COVID global health emergency is officially ending, WHO says


COVID-19 national emergency officially ends

What the end of the COVID-19 national emergency means for Americans


COVID-19 no longer qualifies as a global emergency, the World Health Organization said Friday, marking a symbolic end to the devastating coronavirus pandemic that triggered once-unthinkable lockdowns, upended economies worldwide and killed at least 7 million people worldwide.

“It’s with great hope that I declare COVID-19 over as a global health emergency,” WHO Director-General Tedros Adhanom Ghebreyesus said.

“That does not mean COVID-19 is over as a global health threat,” he said, adding he wouldn’t hesitate to reconvene experts to reassess the situation should COVID-19 “put our world in peril.”

The U.N. health agency says that thousands of people are still dying from the virus every week, and there have been recent spikes in cases in Southeast Asia and the Middle East.

President Biden signed a bill in April officially ending the U.S. national public health emergency over COVID.

How many people have died from COVID?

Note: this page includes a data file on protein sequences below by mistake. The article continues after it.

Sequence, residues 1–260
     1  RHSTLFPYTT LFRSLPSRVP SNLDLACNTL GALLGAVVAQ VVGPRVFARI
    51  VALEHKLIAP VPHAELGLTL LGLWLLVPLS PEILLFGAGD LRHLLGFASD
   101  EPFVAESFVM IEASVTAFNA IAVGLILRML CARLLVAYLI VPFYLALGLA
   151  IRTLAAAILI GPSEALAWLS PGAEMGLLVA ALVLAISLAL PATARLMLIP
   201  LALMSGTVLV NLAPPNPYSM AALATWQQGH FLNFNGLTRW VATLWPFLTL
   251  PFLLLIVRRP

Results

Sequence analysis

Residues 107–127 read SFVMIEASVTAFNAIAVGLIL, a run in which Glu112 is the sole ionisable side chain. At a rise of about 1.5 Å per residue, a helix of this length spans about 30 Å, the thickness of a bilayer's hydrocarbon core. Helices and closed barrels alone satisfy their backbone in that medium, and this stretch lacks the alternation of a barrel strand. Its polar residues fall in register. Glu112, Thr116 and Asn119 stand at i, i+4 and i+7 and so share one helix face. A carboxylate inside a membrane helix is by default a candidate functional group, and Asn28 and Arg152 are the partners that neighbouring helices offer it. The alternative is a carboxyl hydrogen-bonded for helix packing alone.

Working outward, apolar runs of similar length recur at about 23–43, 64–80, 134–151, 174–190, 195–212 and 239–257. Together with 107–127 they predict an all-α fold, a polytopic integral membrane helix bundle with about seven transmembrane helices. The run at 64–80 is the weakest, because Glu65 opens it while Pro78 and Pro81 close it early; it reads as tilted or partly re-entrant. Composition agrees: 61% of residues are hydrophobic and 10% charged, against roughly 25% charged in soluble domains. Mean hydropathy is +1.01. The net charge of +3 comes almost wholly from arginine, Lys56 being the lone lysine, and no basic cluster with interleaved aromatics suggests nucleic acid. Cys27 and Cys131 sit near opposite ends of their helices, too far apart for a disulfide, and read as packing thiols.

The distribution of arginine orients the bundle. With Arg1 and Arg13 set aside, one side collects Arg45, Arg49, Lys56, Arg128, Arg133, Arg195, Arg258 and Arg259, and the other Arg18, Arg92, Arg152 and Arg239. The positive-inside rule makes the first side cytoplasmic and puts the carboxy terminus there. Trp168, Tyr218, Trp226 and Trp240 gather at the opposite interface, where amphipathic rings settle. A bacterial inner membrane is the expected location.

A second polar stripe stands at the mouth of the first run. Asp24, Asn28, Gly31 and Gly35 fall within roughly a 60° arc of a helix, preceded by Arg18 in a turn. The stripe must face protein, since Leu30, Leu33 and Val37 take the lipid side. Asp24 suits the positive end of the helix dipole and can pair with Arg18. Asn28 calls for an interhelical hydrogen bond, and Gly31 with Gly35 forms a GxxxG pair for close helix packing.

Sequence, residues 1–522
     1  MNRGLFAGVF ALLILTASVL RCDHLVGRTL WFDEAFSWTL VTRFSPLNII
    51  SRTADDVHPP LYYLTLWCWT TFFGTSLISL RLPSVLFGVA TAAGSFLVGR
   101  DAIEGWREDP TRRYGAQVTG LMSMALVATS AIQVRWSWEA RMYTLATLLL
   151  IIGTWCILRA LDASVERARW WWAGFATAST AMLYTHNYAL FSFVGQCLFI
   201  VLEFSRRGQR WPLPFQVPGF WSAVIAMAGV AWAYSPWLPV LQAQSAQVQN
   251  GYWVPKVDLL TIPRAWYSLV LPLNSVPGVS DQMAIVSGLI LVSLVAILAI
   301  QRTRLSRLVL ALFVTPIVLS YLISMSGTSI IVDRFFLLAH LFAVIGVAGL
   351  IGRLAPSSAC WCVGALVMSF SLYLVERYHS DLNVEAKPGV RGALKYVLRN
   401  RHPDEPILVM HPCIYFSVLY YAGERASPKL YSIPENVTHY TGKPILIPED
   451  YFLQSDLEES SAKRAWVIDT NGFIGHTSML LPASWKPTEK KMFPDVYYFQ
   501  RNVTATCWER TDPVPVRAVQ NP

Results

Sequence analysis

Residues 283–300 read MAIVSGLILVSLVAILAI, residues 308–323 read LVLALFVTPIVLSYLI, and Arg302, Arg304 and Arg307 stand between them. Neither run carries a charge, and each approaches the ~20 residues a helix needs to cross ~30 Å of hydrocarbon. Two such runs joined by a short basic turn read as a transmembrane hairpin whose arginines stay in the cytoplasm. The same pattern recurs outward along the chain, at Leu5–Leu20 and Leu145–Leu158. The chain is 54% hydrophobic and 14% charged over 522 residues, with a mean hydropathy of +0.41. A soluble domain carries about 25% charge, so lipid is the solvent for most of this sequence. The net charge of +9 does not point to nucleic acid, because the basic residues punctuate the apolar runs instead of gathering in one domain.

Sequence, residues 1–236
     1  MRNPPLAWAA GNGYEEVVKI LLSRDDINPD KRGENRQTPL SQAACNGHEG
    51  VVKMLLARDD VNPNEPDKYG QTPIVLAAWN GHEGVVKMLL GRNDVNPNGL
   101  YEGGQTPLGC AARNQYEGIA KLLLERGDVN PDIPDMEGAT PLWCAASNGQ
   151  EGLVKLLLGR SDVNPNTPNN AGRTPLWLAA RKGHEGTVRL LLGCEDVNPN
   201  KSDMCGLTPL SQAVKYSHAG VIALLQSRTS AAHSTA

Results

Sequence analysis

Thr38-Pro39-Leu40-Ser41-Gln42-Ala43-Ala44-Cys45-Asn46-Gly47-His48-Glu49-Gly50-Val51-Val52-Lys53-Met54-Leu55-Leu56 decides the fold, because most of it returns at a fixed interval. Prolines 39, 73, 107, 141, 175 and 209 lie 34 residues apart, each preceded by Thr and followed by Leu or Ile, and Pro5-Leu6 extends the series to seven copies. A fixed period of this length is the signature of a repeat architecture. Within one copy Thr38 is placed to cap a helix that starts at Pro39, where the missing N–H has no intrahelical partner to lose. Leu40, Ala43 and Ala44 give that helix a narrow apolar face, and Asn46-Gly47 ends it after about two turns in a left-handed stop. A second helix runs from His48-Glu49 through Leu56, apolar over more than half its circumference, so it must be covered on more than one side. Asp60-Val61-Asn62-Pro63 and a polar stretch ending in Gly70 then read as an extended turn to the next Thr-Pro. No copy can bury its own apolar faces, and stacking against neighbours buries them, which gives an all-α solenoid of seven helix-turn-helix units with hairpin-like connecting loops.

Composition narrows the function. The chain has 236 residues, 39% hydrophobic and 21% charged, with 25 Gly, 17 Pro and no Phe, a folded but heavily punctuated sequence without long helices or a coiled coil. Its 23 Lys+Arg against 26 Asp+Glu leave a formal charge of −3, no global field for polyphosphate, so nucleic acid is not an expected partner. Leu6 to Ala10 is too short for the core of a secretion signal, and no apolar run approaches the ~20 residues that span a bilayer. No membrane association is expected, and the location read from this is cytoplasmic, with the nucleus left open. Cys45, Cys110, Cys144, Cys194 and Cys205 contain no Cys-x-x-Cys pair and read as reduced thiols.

WHO reports nearly 7 million confirmed deaths from COVID-19 worldwide since the virus was first identified in an outbreak in Wuhan, China, in December 2019. 

There have been more than 765 million confirmed cases of the disease, and new variants continue to emerge, raising concerns about ongoing spread. 

More than 13 billion doses of vaccine have been administered to people around the globe. “COVID-19 vaccines provide strong protection against serious illness, hospitalization and death,” WHO advises, “but some people will still get ill from COVID-19 after vaccination.”

COVID was the fourth leading cause of death in the U.S. in 2022, the Centers for Disease Control and Prevention reported this week. 

This is a breaking news story and will be updated.

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